The show has a strong lead with Penn Badgley, who is very likable from the pilot and is able to convey a relatable persona. As for the rest of the cast, they are all also perfectly suited to their roles, from the parents to the friends. The parents, portrayed by Gigi Rice and Michael Milhoan, are excellent and very funny. Joel’s sister Cheryl, played by Angela Goethals, is a great antagonist for Joel at times, and is an interesting character as a would be drug addict that the show really doesn’t get that much into, but would’ve been nice to see more of. The best friends of Pat and Isabelle are very well characterized by Josh Wise and Natasha Melnick respectively. It’s great to see the dynamic of Joel’s friendship with Pat, who is the only one he shares his future knowledge secret with, as well as his relationship with Isabelle. There is always the possibility the show will turn Isabelle into the unrequited love interest to Joel, who is only interested in the popular girl, but the series doesn’t ever go this way, instead reinforcing their friendship in fun ways. This show has also had some very good and interesting cameos, including Nicholas D’Agosto, Taran Killam, and Ken Marino.
Do Over is essentially an episodic series, and as with any episodic show, it runs the risk of being repetitive. Even at its fifteen episodes run, there were plenty of moments where beats were repeated. To the credit of the writers, though, these beats, although redundant, were all entertaining, and varied the premise with each episode. The basic structure of an episode would be that Joel presents himself with a dilemma when he recalls or foresees an event happening, realizes that he can change things this time around, tries to change the event using his future knowledge and then, depending on the event, either changes things for the better, or learns something about that event that defines his character and who he wants to be. It’s actually a fairly broad structure for an episode.
There is an overarching plot that does get resolved in the end of the run that is very satisfying, dealing with Joel’s mother Karen, where she is always coming up with million dollar ideas like the fanny pack, lunchables, or drawstring trash bags, but she never follows through with any of them because she is discouraged by her shortsighted husband Bill. There are several episodes that deal with her deciding to follow through with one of these ideas, but she doesn’t do so until the last episode, where she invents Chilghetti, a mix of Chili and Spaghetti. Up until this point, Joel has been encouraging and supportive, but now he is faced with an idea that his mother has that he is uncertain of how successful it will be. It brings a natural uncertainty to the series that, if the show had continued, would’ve been an excellent area to explore.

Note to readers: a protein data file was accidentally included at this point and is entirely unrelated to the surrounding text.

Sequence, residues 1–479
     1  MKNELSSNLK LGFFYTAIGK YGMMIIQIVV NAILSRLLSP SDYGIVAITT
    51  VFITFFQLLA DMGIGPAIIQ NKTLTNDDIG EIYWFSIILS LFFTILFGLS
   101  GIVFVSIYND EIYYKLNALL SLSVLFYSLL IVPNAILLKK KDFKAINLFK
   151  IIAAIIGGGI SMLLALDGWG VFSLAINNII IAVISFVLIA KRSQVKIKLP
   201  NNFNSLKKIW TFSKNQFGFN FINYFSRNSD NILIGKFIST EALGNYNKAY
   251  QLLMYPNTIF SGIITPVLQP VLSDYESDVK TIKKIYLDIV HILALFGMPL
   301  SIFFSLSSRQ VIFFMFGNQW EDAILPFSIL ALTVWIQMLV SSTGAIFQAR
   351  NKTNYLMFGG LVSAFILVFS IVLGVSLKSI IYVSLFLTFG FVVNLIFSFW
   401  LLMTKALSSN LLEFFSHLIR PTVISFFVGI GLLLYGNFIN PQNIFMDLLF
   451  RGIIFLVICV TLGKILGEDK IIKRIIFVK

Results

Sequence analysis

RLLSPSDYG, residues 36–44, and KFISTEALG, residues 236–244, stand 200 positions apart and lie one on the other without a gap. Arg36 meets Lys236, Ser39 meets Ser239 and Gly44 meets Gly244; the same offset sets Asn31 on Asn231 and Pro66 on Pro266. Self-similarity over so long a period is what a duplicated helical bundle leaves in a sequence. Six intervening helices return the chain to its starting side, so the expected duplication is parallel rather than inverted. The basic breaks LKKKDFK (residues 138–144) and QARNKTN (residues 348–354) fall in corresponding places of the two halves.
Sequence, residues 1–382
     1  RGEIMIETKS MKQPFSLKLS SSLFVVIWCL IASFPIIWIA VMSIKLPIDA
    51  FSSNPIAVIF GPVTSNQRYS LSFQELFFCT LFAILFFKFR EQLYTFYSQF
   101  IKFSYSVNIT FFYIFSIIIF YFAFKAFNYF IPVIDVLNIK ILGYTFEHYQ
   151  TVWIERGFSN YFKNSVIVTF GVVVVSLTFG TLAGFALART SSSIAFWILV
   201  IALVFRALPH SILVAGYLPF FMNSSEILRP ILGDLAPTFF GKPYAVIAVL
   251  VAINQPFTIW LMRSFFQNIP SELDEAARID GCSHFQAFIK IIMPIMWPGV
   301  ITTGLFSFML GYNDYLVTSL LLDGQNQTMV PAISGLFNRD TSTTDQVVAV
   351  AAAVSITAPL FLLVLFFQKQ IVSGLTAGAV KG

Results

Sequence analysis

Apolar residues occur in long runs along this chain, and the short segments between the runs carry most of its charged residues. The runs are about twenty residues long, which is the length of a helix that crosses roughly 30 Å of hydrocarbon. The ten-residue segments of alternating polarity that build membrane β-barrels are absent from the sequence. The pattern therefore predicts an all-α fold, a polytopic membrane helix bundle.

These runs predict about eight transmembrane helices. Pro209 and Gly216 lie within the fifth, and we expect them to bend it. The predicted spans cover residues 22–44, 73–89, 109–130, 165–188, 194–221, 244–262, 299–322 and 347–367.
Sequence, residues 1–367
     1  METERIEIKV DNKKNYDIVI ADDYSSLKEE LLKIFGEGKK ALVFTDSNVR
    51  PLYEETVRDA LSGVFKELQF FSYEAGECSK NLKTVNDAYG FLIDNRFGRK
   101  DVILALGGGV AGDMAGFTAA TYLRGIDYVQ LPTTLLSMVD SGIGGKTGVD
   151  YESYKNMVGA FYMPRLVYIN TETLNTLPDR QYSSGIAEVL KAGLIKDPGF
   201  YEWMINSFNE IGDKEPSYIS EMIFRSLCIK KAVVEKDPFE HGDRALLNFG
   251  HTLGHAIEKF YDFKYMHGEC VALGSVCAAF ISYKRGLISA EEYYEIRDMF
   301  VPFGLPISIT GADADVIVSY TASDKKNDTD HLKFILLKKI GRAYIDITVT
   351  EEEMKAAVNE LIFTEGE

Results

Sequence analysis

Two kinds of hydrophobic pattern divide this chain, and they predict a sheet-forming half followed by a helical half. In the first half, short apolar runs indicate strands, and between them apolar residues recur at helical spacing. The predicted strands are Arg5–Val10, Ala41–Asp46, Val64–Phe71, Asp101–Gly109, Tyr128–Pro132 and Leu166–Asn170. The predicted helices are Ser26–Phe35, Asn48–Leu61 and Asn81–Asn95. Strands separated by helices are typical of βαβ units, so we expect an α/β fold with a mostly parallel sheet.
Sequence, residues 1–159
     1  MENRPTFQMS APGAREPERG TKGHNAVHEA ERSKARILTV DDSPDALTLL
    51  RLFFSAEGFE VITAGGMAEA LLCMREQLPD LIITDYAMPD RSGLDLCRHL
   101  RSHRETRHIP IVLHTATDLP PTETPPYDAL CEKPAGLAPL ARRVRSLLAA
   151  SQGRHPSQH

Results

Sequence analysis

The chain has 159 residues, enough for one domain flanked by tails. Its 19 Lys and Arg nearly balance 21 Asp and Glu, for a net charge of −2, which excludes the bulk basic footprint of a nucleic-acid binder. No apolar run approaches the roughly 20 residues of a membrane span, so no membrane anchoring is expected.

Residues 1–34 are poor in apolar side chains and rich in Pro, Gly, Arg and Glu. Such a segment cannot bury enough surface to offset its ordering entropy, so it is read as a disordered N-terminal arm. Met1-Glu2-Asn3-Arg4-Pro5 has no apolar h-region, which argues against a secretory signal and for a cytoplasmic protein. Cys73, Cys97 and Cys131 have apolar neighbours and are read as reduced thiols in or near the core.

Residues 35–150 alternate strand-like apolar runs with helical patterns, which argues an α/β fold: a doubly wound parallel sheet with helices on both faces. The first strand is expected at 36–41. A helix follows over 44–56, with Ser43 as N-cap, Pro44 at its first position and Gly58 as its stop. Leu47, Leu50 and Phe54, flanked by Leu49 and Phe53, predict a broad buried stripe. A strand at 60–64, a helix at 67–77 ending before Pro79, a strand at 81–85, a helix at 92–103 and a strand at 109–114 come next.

There are plenty of shows that are made to play on our nostalgia from a time and reflect on those ideas with new sense of wonder and appreciation, but how Do Over is different from the average nostalgic series is that it has nostalgia, reflection of regret, and the fantasy of being able to relive one’s life over again differently. It would be nice to be able to revisit this series with insight from the creators about what exactly they had in mind with Joel and his adventures in his teen years, and what the end game would’ve been. Unfortunately, there is no official channel to see this show, or a stronger cult following that would demand such an inquiry. As it is, all we can do now is look back as passive viewers, as the series remains out of reach in the annals of the past, due to its home video unavailability.
Show creators Rick Wiener and Kenny Schwartz would go on to write episodes of American Dad, Sean Saves the World, and Modern Family.
Penn Badgley continued his television career as a main cast member on series such as The Mountain, The Bedford Diaries, and Gossip Girl, and most recently can be seen on NBC’s The Slap.
The series is not currently available on any home video media, nor is it available on any HD quality streaming sites.
The full episodes are available in SD quality streaming.